** slavery in Liberia

Slavery in Liberia

Figure 1.--This early-20th century portrait is entiteled, "Wealthy merchant of Monrovia with his wife , two sons , cook, and a couple of house boys." The cook is presumably the bare-chested young woman. We have no additional information on the group, but in many African family portraits, the lack of cobering often denotes slavery. There is no evudence that this is the situation here, but we suspect that the terms of employment were not what we would today consider to be a normal contractual arrangemt. Also notice the chain-like jewelry. Or is it jewlry-like chain?. A CIH reader has prided a good assessment of the photograph. Click on the image.

We know nothing about the early involvemnent of what is now Liberia in the Arab Trans-Saharan slave trade. Most of the coast of Africa was an embarcation pont for captive Africans tranported to the Americas in the Trans-Atlantic slave trade. Liberia is of course a modern concept. The area of thecoast corresponding to modern Liberia was the Pepper (melegueta pepper) Coast or Windward Coast. It also includes Ivory Coast. Of all the African coastal areas, this was the least important source od captive Africans in the Trans-Atlantic slave trade. Less than 2 percent of the Aftrians tranported to the Americas came from the Pepper Coast. As a result, Liberia's involvement with the history of slavery is primarily concerned with the African colonization effort of the American Colonisation Society. Liberia is thus a creation of the American Abolitionist movement. Returning American slaves to Africa was never more than a chimera. The value of American slaves was an astromical sum. The first group of freed slaves arrived (1820). Monrovia also became a point where the U.S. Navy on West Africa Station could off load captive Africans taken from slavers. (There was no way of retruning them to their homes.) The British did the same in Sierra Leon (Freetown) with far more freed captives from their ships on the West African Station. Independence under American diplomatic tutelage was achieved (1847). The local population, however, did not like the idea or the newcomers and proved hostile. They harassed and attacked them throughout the 19th century. It soon became evident even before the Americam Civil War and Empancipation that few free blacks wanted to return to Africa. As Liberia became established, the country became dominated by the black colonists (Americo-Liberians) and their descendants who were in fact only amall minority. Man of the returned Africans were mulattoes, mixed race individuals. The spoke English and tended to marry within their own community. They established plantations and businesses and were much more affluent than the indigenous people. They controlled the country. And there are charges that they reduced the local population to slave conditions. Slavery was outlawed in the consitution, but variants like forced labor did exist.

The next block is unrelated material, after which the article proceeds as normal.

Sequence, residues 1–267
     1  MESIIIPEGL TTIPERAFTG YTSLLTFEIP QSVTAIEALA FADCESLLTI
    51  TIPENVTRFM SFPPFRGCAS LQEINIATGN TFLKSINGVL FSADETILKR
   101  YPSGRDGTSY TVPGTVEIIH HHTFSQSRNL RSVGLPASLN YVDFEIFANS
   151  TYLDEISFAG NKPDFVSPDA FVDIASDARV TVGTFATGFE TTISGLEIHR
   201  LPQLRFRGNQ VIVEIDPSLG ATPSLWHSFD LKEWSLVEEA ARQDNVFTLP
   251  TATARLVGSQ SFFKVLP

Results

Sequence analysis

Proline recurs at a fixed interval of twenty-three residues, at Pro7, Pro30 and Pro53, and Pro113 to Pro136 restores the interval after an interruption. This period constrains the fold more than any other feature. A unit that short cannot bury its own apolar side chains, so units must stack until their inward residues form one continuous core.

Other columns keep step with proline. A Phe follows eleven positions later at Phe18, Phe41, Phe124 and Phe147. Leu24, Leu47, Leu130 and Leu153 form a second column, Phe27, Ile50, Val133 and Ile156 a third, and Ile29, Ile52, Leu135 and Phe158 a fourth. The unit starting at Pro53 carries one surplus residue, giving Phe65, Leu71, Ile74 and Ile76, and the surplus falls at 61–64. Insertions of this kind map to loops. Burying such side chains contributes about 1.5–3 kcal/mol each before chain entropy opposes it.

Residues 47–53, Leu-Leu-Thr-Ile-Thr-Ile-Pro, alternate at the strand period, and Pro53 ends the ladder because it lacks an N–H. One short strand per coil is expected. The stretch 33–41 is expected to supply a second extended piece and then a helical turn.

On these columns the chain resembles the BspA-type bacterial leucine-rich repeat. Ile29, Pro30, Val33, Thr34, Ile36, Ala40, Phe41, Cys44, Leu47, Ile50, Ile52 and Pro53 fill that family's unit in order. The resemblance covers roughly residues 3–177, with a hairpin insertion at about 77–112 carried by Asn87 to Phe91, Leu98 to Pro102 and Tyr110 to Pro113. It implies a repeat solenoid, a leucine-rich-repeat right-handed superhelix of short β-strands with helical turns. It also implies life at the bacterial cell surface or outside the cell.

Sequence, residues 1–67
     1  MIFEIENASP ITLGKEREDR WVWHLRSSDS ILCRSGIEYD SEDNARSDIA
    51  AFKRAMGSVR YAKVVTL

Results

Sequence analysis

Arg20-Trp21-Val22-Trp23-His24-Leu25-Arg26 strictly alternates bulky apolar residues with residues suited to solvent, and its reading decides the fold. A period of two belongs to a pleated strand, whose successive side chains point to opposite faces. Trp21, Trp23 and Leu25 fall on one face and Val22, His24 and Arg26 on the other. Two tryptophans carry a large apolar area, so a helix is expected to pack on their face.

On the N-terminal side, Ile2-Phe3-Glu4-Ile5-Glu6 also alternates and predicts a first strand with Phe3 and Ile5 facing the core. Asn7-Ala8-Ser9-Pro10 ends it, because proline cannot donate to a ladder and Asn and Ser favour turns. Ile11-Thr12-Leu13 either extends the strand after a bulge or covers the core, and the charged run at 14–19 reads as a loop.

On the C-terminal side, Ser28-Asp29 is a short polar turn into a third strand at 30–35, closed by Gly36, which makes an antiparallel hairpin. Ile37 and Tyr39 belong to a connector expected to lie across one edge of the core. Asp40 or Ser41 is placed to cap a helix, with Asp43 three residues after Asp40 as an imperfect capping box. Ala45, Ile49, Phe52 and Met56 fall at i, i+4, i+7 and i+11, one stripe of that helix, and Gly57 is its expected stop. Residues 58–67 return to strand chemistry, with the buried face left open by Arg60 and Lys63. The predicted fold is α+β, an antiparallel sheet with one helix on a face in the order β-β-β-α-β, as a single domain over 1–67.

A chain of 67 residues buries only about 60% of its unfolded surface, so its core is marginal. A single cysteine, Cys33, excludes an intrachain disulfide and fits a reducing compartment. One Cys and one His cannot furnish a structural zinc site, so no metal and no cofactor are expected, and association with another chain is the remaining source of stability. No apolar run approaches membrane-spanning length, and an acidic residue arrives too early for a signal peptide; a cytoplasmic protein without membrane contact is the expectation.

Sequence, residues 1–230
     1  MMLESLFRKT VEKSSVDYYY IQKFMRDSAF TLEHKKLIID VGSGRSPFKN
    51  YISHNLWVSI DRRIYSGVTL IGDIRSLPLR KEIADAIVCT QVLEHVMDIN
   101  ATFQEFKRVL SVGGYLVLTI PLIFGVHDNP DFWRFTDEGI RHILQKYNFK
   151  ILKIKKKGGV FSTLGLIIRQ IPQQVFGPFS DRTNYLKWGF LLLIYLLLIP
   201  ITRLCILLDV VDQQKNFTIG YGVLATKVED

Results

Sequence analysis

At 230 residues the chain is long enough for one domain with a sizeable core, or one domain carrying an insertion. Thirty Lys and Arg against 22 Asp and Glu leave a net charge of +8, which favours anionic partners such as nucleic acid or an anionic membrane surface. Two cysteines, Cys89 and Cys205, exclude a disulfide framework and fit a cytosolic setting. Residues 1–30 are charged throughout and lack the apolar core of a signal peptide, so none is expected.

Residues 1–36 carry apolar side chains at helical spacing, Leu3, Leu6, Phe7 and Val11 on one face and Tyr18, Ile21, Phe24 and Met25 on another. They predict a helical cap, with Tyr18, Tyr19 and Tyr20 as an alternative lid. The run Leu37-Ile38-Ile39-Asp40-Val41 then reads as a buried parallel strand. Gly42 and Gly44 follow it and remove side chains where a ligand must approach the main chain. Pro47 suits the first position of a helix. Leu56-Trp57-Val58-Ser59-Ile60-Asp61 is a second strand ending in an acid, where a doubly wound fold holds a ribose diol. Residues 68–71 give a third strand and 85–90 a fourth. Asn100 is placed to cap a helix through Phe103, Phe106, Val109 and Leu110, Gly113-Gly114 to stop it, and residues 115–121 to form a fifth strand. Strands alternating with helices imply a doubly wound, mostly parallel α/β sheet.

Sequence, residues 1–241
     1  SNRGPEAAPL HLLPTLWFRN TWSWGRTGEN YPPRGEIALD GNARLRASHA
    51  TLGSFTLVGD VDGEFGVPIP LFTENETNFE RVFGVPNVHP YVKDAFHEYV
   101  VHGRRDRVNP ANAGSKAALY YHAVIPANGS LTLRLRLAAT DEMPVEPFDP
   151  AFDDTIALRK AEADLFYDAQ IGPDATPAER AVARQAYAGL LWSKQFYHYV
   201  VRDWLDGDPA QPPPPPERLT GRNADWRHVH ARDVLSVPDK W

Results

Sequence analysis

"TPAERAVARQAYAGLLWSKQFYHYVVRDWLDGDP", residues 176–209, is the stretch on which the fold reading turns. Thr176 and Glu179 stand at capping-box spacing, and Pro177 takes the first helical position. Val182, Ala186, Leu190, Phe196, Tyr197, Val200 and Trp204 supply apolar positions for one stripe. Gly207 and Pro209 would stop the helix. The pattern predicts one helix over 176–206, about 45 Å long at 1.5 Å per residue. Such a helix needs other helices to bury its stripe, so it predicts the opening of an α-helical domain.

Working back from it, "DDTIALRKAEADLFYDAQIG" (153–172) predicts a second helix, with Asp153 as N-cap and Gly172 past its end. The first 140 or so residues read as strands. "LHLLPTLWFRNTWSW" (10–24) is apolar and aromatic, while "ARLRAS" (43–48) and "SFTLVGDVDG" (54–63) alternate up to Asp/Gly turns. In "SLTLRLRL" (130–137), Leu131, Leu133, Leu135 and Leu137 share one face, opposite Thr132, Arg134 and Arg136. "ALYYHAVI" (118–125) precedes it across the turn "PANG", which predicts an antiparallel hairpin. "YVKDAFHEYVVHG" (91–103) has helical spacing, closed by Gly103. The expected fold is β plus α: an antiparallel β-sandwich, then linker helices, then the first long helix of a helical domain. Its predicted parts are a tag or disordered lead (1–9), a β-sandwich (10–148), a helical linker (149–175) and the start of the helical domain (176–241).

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Created: 2:56 AM 9/13/2010
Last updated: 11:31 PM 11/22/2021